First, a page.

WHH Short Fiction: “Eloi Eloi Lama Sabachthani”

Essay: “Eloi Eloi Lama Sabachthani”, William Hope Hodgson, 1919.

This is a strange story. Hodgson himself, when he finished it on January 26, 1912, said, “I wonder whether it will prove clear and interesting. Anyway, it is a striking notion.”

This is the closest to an anti-Christian story Hodgson the clergyman’s son ever wrote.

One can find traces of that stance in other Hodgson stories. The heaven the ship’s crew sail towards in “The Shamraken Homeward-Bounder” is not what they expect. God, at least for a while, seems to have left the universe to a hostile deity in “Out of the Storm”. One could, perhaps, see a slight criticism of the trouble religious vows cause the lovers in “The Captain of the Onion Boat”.

The story is sometimes known as “The Baumoff Explosion” which is a very slightly different version – mostly changes in capitalization. (I did my blogger due diligence and ran a compare on the two versions.) The Delphi Complete Works of William Hope Hodgson annoyingly lists that version as non-fiction.

The main part of the story is told by John Stafford who works in British Intelligence though a medical man. He was a one-time friend of the German Baumoff, a chemist who was medically trained (indeed, he has several degrees).

When some people at a club are talking about “The Baumoff Explosion” and linking Baumoff’s name to “war inventions and such horrors”, Stafford indignantly tells them the man he knew was an extremely earnest Christian. He was a member of a group dedicated to proving the divinity of Christ and the miracles of the New Testament. In particular, he was interested in the “Darkness of the Cross” which descends on Golgotha as Christ is dying on the Cross. To prove that that event was a true miracle and not some natural occurrence and to shut up an atheist professor at Baumoff’s college, he has concocted a chemical which, when burned, creates an unusual and persistent darkness even in a room lit by a lamp. Stafford observes the chemical’s effects.

But Baumoff intends to follow that up with an even more startling proof. Baumoff has a theory that the vibration of light can be broken up or interrupted by a disturbance in the Aether caused by “unusual emotional activity”. Usually this is too insignificant to notice. But the “Enormous Personality of Christ” would produce a noticeable example of such an event, hence the Darkness of the Cross.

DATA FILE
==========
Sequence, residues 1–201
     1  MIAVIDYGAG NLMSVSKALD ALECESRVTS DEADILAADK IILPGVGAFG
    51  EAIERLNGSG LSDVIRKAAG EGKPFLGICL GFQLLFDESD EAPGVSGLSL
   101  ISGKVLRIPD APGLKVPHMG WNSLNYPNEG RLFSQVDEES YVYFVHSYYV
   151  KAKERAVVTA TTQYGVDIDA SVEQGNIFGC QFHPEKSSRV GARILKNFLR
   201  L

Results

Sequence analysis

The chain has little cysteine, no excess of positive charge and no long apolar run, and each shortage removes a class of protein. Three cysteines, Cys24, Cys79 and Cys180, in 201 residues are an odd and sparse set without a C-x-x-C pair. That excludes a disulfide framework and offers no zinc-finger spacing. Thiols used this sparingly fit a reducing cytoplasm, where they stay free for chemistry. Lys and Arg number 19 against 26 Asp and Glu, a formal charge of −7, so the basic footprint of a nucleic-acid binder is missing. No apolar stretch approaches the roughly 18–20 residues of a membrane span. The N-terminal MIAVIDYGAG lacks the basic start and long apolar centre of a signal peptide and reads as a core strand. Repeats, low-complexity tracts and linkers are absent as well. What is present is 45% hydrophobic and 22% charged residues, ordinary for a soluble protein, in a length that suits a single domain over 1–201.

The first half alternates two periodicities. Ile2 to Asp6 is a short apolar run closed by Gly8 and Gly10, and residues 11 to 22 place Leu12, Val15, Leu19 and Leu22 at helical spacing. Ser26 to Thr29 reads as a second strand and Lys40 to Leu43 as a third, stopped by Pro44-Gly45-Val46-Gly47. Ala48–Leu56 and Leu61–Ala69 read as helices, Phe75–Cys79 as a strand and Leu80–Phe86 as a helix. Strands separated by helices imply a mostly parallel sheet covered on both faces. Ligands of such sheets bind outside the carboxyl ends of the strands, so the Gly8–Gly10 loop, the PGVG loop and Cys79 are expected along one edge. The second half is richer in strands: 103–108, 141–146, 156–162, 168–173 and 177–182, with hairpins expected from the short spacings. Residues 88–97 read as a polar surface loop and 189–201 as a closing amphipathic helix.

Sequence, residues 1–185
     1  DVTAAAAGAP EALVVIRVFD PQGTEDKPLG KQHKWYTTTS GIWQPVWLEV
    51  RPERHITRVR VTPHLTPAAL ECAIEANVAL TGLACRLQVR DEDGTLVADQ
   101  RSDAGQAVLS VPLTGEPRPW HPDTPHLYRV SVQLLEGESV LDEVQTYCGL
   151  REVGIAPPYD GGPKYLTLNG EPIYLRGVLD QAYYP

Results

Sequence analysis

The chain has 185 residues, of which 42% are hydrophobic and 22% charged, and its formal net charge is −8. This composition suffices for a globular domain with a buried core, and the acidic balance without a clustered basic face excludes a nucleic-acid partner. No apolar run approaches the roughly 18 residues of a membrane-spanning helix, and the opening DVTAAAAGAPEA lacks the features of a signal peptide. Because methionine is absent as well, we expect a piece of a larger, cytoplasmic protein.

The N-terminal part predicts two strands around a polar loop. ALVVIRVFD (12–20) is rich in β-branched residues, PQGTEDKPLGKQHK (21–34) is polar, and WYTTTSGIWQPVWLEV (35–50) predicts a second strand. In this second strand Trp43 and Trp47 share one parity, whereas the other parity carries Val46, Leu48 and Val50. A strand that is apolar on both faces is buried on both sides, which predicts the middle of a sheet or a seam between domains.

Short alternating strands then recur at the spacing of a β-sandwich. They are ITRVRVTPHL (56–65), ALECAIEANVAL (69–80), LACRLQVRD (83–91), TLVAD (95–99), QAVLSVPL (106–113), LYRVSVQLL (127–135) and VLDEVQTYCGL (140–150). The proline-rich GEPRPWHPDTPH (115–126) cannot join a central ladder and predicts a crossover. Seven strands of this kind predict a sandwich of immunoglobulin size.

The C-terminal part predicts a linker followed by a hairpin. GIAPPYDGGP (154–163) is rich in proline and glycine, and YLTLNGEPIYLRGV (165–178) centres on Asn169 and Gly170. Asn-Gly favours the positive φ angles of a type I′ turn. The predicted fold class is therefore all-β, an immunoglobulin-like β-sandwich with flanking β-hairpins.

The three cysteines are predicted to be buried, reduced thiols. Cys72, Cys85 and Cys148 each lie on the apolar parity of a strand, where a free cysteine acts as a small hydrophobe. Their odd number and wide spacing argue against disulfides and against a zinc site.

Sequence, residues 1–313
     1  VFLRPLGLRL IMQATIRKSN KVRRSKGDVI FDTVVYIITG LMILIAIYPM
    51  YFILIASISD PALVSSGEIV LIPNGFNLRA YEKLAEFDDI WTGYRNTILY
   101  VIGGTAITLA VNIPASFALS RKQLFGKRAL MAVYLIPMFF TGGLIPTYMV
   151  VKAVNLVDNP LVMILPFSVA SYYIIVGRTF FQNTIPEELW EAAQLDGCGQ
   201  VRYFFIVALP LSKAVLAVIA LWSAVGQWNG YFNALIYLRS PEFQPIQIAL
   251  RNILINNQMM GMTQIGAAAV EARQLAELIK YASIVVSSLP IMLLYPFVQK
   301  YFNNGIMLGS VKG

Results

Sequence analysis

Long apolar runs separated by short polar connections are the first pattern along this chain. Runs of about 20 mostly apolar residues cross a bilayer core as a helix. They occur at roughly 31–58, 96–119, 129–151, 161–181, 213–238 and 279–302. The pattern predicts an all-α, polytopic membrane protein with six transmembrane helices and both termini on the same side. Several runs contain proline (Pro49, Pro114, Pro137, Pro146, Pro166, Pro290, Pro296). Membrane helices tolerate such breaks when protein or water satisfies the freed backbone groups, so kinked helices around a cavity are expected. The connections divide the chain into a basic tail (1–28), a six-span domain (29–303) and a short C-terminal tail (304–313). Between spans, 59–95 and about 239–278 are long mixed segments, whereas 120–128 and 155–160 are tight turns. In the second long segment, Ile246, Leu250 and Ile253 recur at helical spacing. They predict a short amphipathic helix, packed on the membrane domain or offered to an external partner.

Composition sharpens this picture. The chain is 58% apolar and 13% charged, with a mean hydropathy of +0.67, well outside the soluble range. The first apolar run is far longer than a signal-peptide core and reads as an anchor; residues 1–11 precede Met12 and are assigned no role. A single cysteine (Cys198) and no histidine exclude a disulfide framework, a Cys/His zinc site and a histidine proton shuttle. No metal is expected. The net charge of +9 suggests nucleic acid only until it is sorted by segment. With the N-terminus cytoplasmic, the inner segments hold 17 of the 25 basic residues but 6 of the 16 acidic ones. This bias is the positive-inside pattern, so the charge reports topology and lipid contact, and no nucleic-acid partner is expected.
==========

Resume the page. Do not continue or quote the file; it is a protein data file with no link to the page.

Baumoff has created a chemical that can be ingested so a regular person can produce a noticeable darkness via their emotional state. He takes the drug, and, to heighten the effect, he performs a sort of simulated crucifixion on himself by piercing his wrists and ankles and hanging in an awkward position. The room gets darker.

This rather freaks Stafford out, and he begs Baumoff to stop, but Baumoff won’t.

Baumoff explains what’s going on throughout all this even though he is in great distress. He sort of meditates to increase the effect.

At one point, he even says “My God! . . . how did Christ bear the nails!” Being a medical man, Stafford can see Baumoff is in a bad way: increased respiration and heartbeat, blood pressure askew. Baumoff persists and, to an entreaty of Stafford’s to stop, just says “Hush! I am carrying the Cross.”

The room gets darker.

Stafford realizes Baumoff has simulated the “Agony of the Cross” and its darkness. And Baumoff still won’t stop.

The room even begins to shake as the ground did at Christ’s death. Baumoff still won’t stop.

He says, “My God!” and then “Eloi, Eloi, lama sabachthani”. Those are Baumoff’s final words, and he dies. (They translate as the famous “My God! My God! Why hast Thou forsaken me?”)

But then Stafford hears a “horrible mocking voice” echoing that last remark. Stafford passes out or hits his head, tripping in the now completely dark room.

Telling the story in his club, Stafford says he will never foolishly suggest Baumoff was “’entered’ by some Christ-apeing Monster of the Void” – though that seems to be what he believes. He has tried to rationalize the experience by remembering insane people can have very changed voices.

So the story is ambiguous. Perhaps Baumoff proved Christ’s divinity. Or, perhaps, he accessed an unearthly realm not of God but monsters. Or, perhaps, both are true and Baumoff was mocked at the end by something demonic.

When he reprinted the story in Out of the Storm: Uncollected Fantasies by William Hope Hodgson (1975), Sam Moskowitz – always concerned with genre firsts – asserts that this is the first genre story where, in the words of Sam Gafford, “the religious aspects of Christ’s death are [accepted] as fact instead of faith”. Writers following this trail blazed by Hodgson include C. S. Lewis, Ray Bradbury, Arthur C. Clarke and Michael Moorcock.

Moskowitz thinks this theme explains why the story would not be published in Hodgson’s lifetime and not be reprinted for 54 years.



More reviews of fantastic fiction are indexed by title and author/editor.NSB 1

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